Related URL
Link: GET DATA
Description: ARGOS Satellite Tracking Database containing whale track data


Link: GET DATA
Description: ARGOS data collected under campaign 79


Link: GET DATA
Description: ARGOS data collected under campaign 73


Link: GET DATA
Description: ARGOS data collected under campaign 70


Link: GET DATA
Description: ARGOS data collected under campaign 20


Link: GET DATA
Description: ARGOS data collected under campaign 57


Link: GET DATA
Description: ARGOS data collected under campaign 94


Link: GET DATA
Description: ARGOS data collected under campaign 93


Link: GET DATA
Description: ARGOS data collected under campaign 87


Link: GET DATA
Description: ARGOS data collected under campaign 75


Link: GET DATA
Description: ARGOS data collected under campaign 83


Link: GET DATA
Description: ARGOS data collected under campaign 77


Link: VIEW PROJECT HOME PAGE
Description: Public information for ASAC project 2941


Link: VIEW RELATED INFORMATION
Description: Citation reference for this metadata record and dataset


Geographic Coverage
 N: -17.962 S: -66.0  E: 160.0  W: 60.0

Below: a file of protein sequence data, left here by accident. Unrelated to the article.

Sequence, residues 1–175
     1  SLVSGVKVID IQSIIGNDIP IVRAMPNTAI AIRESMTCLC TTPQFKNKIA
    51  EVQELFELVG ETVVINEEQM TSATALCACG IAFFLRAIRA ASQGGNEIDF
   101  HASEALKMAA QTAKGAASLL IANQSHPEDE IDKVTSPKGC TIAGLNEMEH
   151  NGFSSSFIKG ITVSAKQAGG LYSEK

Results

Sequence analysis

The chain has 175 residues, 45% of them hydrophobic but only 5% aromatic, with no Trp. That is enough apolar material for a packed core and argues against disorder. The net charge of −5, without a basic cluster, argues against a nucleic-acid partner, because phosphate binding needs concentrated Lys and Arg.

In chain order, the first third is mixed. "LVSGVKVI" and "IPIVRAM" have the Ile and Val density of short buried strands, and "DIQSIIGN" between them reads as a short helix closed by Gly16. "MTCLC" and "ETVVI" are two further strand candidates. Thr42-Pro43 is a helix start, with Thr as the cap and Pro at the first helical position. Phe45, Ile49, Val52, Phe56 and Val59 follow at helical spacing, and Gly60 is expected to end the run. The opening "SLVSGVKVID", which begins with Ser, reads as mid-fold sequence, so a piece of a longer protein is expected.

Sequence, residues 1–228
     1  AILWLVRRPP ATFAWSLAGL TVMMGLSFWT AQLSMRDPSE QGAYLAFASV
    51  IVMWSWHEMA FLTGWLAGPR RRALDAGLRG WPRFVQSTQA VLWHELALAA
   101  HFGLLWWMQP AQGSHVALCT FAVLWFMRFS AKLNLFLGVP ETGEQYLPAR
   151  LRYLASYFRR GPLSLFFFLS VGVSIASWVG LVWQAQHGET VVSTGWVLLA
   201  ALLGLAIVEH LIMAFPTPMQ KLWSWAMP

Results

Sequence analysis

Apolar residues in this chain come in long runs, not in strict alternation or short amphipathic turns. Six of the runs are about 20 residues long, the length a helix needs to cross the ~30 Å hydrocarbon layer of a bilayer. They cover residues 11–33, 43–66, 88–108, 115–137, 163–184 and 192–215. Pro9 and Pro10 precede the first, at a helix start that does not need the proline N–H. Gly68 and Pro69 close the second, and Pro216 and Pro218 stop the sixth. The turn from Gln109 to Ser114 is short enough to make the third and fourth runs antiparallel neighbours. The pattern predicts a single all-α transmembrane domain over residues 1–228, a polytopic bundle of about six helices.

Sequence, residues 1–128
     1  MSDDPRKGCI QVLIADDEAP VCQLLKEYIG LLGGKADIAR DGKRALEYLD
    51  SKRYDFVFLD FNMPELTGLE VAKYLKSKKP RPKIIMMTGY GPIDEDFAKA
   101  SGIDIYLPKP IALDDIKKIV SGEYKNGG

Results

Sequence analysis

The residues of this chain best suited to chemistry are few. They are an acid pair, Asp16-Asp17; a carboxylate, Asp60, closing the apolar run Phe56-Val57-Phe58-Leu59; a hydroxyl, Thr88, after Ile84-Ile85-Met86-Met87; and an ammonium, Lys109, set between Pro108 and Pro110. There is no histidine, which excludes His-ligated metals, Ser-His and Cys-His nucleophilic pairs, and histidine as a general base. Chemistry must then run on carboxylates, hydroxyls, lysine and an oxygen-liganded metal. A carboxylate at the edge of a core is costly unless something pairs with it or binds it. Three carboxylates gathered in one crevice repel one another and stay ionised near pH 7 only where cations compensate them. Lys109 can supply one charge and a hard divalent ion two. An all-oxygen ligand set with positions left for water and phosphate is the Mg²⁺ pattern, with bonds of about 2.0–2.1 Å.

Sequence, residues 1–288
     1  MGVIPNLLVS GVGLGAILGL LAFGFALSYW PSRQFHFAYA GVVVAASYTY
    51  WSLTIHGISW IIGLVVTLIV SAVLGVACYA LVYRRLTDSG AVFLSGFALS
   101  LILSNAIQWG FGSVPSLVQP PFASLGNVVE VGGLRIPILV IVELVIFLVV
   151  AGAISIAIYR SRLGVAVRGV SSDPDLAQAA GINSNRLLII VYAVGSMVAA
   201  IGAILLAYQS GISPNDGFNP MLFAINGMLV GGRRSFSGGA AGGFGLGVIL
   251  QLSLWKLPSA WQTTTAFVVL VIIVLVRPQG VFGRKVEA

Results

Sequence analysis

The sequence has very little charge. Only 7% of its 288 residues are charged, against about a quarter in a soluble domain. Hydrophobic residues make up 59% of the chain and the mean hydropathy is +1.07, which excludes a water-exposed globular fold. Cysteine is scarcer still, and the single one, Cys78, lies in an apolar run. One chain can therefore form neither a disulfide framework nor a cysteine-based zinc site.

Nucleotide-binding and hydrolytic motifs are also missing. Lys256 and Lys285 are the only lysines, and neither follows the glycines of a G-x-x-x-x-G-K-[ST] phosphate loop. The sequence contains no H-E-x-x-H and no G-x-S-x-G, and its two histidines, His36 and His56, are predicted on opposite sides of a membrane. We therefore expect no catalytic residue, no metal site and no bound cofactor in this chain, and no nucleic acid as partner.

Temporal Coverage
Start Date: 2007-09-30
Stop Date: 2012-03-31


Location Keywords
OCEAN > SOUTHERN OCEAN
CONTINENT > AUSTRALIA/NEW ZEALAND > AUSTRALIA
CONTINENT > ANTARCTICA
GEOGRAPHIC REGION > POLAR


Science Keywords
AGRICULTURE >AGRICULTURAL AQUATIC SCIENCES >FISHERIES    [Definition]
HUMAN DIMENSIONS >ENVIRONMENTAL IMPACTS >CONSERVATION    [Definition]
OCEANS >AQUATIC SCIENCES >FISHERIES    [Definition]
BIOLOGICAL CLASSIFICATION >ANIMALS/VERTEBRATES >MAMMALS >CARNIVORES >SEALS/SEA LIONS/WALRUSES
BIOLOGICAL CLASSIFICATION >ANIMALS/VERTEBRATES >MAMMALS >CETACEANS
BIOLOGICAL CLASSIFICATION >ANIMALS/VERTEBRATES >MAMMALS >CETACEANS >BALEEN WHALES
BIOLOGICAL CLASSIFICATION >ANIMALS/VERTEBRATES >MAMMALS >CETACEANS >TOOTHED WHALES


ISO Topic Category
BIOTA
ENVIRONMENT


Platform
Aircraft    [Information]
FIELD SURVEYS    [Information]
SHIPS    [Information]
SATELLITES    [Information]
FIELD INVESTIGATION    [Information]
R/V TANGAROA    [Information]
R/V AA >R/V Aurora Australis


Instrument
ARGOS >ARGOS Data Collection and Position Location System    [Information]


Quality
The values provided in temporal and spatial coverage are approximate only.

Taken from the 2008-2009 Progress Report:
Field work:
Satellite Telemetry
Three field trips were conducted in 2008/09:

1. Broome, Western Australia
Six humpback whales were tagged off Broome, WA in July 2008. All tags returned data, with transmission duration ranging between 5 and 28 days, and the average duration being 21 days.

2. Eden, New South Wales